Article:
Last leg, only 5 miles away, surely I could make it now! AGAIN, WRONG!!! 1 mile from the finally destination, as soon as I passed the Defuniak Springs City Limits Sign…. I saw what can only be described as Old Faithfull under my hood!!!!! WATER and STEAM everywhere…..pulled over at a gas station and opened the hood (for once the temperature on the truck was very low….all the water spraying on the engine cooled it down quickly) However it came from a broken water fitting on the engine. One last time I filled the radiator with water, knowing it would start coming out the broken fitting, but figured I had less than a mile and would take my chances in getting to the exhibit area just a few blocks away. I took it easy coasting to each red light and shutting the engine off when I reached enough speed to make it to the next red light / stop sign.   It worked and I made it to my final destination!!!!!!!

I backed the trailer into place, parked the truck and decided not to even bother with the truck until tomorrow.  I set up the trailer and helped get all the other trailers that arrived parked into place. So far today we have a 1965 Aristocrat Mainliner, 1958 Yellowstone, 1963 Shasta, 1953 Viking, 1965 Shasta Compact, 1948 Spartan Manor, and a 1966 Norris… more to come tomorrow, a 1952 Vagabond.


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At 5pm we had a small meet and greet and sat around the camp fire until 930pm. hopefully the weather tomorrow will not be too bad, it is forecasted to rain quite a bit tonight and most of the day tomorrow.  It has been a VERY long day and I am ready for a good night’s rest.

Tim Heintz

Tin Can Tourists’ Southeastern Representative

1953 Viking Coach


Jan 192015
Below is the “Call for Submissions” for the 2015-2016 TCT calendar to be printed.
Click on the images below for a larger view:
call_for_submissions  TCT_front_cover_2015-2016
Here is a PDF version of the call for submissions
Please submit your best vintage trailer photos for consideration in the 2015-2016 Tin Can Tourists Calendar.
The theme is “Home Sweet Home Away From Home”
This year just send me a couple of good exterior photos of your vintage trailer. If you have a vintage tow vehicle include a shot with the trailer and tow vehicle together as well. I will use one or the other depending on the composition.
This year you do not need any interior shots, no vintage owners manuals or fancy roadside attractions. Just a great shot of your treasure on wheels.  I am hoping this will encourage folks who have not entered before to send in pictures.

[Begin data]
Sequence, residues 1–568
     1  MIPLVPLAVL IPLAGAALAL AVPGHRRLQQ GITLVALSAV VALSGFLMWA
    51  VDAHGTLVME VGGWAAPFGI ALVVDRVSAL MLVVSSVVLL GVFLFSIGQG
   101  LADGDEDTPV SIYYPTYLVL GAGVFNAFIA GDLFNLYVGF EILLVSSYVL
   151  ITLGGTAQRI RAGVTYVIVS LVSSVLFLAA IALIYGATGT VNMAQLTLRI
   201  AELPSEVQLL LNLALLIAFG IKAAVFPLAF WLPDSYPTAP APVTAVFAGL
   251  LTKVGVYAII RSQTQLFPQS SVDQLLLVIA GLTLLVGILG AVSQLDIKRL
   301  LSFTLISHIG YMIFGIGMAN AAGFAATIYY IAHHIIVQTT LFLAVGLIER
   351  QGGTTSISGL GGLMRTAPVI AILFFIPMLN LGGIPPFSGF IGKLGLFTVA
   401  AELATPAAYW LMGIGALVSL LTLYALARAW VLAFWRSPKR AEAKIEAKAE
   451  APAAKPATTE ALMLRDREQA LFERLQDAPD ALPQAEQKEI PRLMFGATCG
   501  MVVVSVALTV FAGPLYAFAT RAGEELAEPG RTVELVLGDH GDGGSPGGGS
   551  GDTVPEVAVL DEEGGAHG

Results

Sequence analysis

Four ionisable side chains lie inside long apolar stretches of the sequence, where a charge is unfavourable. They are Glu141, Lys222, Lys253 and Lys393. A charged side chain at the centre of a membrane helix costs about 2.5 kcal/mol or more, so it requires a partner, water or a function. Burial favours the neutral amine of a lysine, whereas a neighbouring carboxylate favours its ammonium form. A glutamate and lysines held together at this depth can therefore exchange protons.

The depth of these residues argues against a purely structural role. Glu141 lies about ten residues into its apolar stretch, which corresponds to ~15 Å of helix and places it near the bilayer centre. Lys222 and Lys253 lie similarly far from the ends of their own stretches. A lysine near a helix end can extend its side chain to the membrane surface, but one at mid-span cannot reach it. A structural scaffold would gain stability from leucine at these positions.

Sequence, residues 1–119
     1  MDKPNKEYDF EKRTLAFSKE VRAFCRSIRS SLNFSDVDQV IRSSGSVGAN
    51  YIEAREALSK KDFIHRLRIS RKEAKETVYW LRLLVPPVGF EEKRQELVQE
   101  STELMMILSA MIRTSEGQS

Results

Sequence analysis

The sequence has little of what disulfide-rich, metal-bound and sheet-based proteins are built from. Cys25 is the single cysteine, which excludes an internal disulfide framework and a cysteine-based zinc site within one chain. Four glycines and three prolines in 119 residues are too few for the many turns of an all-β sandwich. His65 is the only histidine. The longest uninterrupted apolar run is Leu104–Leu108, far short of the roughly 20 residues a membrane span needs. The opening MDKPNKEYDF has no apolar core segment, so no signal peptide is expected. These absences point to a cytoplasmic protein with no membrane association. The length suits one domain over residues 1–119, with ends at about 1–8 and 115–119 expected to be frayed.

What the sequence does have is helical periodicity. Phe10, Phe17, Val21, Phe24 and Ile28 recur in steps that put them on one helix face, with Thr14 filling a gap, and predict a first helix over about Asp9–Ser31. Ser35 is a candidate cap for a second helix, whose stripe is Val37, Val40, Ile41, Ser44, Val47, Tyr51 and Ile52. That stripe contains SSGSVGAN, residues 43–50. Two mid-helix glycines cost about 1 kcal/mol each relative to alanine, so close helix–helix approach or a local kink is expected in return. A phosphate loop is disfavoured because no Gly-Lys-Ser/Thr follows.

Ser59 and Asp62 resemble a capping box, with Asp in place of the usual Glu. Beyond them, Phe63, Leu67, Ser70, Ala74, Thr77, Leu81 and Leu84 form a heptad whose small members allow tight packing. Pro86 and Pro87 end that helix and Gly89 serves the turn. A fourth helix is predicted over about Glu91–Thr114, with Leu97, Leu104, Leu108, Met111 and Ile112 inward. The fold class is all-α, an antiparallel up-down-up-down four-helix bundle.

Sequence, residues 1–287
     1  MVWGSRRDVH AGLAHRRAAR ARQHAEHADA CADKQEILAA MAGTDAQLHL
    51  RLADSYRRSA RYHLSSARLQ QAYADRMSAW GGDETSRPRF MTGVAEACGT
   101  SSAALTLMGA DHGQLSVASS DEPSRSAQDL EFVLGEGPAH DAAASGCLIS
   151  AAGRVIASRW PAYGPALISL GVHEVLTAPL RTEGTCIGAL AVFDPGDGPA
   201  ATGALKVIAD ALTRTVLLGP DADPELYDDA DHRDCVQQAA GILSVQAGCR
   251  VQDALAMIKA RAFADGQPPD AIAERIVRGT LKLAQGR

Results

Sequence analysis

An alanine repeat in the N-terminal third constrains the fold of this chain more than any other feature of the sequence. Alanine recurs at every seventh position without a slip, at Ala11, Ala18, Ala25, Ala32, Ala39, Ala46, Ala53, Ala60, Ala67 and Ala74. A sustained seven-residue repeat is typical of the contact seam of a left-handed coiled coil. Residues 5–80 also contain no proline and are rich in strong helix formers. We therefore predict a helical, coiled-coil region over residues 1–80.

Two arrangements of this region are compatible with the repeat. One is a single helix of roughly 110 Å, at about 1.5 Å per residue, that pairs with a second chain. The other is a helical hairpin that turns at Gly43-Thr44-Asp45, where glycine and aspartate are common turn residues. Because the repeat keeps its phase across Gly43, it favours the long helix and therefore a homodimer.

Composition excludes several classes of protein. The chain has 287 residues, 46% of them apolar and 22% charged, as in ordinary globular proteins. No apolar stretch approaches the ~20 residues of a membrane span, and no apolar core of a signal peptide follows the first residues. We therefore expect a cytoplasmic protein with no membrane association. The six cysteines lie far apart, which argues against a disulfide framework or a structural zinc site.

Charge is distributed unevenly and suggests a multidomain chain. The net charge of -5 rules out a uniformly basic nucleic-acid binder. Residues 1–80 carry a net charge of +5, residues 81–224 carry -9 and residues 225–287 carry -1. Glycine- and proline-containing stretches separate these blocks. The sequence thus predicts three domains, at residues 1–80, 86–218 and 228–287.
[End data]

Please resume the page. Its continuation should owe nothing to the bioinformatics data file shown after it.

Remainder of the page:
Last year’s calendar went fast and we have had a lot of requests for a copy after they were gone!
REQUIREMENTS: Your photo should be high resolution, original size and without people in the shot.
Please include your name, home address as well as the year and model of your rig.
Please e-mail me with any questions.
Send your photos to Michael Lambert at
We would like to get all submissions by the end of February this year.
 Posted by at 11:12 am
Dec 302014

Paul and Tracy Bridges, Fort Smith, Arkansas

We are new to Tin Can Tourists but I’ve been involved in trailering most of my pre-married life.  Tracy and I were married in 1981 and moved from California to Arkansas with my job.  When President Reagan fired the Air Traffic Controllers, I decided to apply and they sent us to Fort Smith where we’ve been ever since.  Since leaving the FAA I’ve been a Christian School administrator and a Pastor, and I am currently the Superintendent of Union Christian Academy in Fort Smith.  Tracy is a Certified Financial Planner.

Long Pool 1

We have a 1958 Rainbow that my grandfather purchased new.  I’ve chronicled the whole story on a blog,  My dad bought it from him in 1962 and I inherited the trailer from him, so in its lifetime the Rainbow has been towed with:

1958 Ford Custom 300 4-door

1959 Ford Country Sedan

1964 Ford Country Sedan

1971 Ford Country Sedan